In Batanes, the northernmost islands of the Philippines, a small indigenous population routinely survives the most violent storms in the world. But in an era of unprecedented weather disturbances, can centuries-old methods of adaptation survive modernization and economic struggle?
Houssam Hammoudi traveled across the world in search of his fiancée, Grace.
The super typhoon hit the Philippines with 195 mph winds and a 20-foot high wall of water that killed more than 2,300 people.
Filipino survivors of Super Typhoon Haiyan asked photographer John Javellana to share their pictures on Facebook and Twitter to help find their friends and family.
“People are dirty, hungry, and thirsty,” one shop owner in Tacloban said. “A few more days and they will begin to kill each other.”
The full scale of the disaster in the wake of Super Typhoon Haiyan is still being assessed, but the initial reports are already horrifying.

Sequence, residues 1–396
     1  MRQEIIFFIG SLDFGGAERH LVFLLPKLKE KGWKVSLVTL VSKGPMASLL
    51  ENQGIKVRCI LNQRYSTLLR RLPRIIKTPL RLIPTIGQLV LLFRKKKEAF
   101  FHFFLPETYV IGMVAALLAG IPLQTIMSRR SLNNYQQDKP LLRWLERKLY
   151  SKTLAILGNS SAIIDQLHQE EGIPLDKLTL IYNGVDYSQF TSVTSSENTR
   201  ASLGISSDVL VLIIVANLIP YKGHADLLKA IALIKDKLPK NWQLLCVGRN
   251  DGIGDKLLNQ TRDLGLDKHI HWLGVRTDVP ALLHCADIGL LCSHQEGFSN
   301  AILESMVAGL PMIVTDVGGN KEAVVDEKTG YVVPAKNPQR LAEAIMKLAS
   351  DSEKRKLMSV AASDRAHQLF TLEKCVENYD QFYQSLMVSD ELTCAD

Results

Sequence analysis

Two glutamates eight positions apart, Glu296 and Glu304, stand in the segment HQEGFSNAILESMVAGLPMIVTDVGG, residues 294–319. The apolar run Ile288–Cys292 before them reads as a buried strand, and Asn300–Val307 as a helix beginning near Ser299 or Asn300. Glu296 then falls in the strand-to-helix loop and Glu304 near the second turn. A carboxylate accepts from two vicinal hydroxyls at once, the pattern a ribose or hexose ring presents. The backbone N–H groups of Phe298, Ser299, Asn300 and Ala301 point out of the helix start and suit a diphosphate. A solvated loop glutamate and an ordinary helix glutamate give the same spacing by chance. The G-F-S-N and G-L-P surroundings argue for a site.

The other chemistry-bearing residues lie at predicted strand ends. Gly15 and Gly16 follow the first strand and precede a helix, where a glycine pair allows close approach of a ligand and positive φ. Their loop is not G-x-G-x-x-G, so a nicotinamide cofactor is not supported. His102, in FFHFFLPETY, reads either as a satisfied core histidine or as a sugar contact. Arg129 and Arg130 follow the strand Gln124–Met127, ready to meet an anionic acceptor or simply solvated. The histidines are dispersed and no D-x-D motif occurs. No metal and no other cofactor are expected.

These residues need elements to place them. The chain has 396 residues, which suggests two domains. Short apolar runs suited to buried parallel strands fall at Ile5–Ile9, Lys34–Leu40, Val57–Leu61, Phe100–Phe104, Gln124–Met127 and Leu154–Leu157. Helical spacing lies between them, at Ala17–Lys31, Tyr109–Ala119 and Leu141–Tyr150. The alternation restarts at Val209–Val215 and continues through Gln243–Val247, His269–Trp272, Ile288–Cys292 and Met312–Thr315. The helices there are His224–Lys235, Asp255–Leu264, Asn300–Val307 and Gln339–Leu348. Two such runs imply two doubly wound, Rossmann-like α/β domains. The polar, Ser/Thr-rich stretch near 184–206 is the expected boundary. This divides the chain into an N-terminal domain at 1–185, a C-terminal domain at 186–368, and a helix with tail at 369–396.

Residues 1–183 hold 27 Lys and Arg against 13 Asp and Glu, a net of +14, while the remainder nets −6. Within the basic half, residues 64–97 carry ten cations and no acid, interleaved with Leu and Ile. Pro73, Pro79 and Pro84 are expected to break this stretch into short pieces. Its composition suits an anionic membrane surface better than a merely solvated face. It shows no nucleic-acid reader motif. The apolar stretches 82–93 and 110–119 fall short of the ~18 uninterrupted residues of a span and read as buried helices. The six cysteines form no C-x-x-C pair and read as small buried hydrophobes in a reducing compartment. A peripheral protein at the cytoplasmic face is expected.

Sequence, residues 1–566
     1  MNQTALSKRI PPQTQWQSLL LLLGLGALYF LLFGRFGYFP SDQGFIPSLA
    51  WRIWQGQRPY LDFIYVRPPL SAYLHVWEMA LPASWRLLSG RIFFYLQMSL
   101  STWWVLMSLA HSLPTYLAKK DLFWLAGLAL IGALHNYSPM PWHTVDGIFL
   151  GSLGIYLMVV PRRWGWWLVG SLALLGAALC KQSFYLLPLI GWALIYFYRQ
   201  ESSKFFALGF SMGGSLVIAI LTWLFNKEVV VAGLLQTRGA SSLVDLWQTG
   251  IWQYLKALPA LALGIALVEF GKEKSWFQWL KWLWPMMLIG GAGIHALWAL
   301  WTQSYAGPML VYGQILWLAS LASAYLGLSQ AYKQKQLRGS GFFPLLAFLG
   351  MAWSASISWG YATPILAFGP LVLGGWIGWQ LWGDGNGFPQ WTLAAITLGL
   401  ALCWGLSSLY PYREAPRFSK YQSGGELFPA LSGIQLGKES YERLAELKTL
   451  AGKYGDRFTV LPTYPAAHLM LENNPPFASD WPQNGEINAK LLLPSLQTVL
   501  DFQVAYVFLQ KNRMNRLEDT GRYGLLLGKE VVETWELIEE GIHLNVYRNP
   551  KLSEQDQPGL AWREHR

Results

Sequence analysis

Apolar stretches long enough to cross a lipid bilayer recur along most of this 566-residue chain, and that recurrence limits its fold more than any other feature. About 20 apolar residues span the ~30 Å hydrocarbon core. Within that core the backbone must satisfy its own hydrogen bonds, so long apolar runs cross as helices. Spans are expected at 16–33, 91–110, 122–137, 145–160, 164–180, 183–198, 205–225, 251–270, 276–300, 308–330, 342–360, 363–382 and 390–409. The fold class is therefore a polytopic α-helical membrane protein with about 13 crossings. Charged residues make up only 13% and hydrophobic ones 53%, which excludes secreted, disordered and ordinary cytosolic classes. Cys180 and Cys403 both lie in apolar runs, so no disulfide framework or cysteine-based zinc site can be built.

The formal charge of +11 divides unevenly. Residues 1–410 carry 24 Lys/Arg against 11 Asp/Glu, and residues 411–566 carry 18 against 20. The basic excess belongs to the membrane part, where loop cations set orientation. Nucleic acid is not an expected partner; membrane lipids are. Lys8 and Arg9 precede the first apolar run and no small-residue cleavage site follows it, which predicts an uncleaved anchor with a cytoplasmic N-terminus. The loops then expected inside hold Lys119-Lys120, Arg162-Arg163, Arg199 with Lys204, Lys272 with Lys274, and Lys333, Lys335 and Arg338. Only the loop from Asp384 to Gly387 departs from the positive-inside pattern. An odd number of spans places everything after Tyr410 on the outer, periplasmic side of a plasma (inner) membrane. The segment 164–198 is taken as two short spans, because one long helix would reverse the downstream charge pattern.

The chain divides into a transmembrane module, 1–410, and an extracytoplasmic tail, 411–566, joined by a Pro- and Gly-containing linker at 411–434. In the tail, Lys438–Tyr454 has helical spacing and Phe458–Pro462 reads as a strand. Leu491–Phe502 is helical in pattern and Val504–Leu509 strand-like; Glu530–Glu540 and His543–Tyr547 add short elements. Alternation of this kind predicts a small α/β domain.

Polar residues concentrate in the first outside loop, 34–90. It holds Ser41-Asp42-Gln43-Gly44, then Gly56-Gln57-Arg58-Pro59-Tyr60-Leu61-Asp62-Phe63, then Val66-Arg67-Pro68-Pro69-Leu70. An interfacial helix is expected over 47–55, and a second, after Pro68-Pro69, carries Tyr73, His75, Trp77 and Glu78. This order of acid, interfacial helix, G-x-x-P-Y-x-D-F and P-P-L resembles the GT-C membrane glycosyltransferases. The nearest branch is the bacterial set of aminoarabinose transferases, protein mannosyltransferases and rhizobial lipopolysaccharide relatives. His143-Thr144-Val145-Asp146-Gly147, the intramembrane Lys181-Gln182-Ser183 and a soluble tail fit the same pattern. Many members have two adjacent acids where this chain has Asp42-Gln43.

A food truck from the Red Cross had to turn back after it was nearly hijacked by hungry people. UPDATE: The official death toll reaches 1,744 in the Philippines.
“Our thoughts and prayers go out to the millions of people affected by this devastating storm,” the president said in a statement on Sunday.
At least 13 people were killed and 81 injured according to the Voice of Vietnam.
The category 5 typhoon was one of the strongest storms in recorded history.
Updated: Some reports put the death toll as high as 10,000.
Supertyphoon Haiyan is intensifying and is on a path towards the Philippines.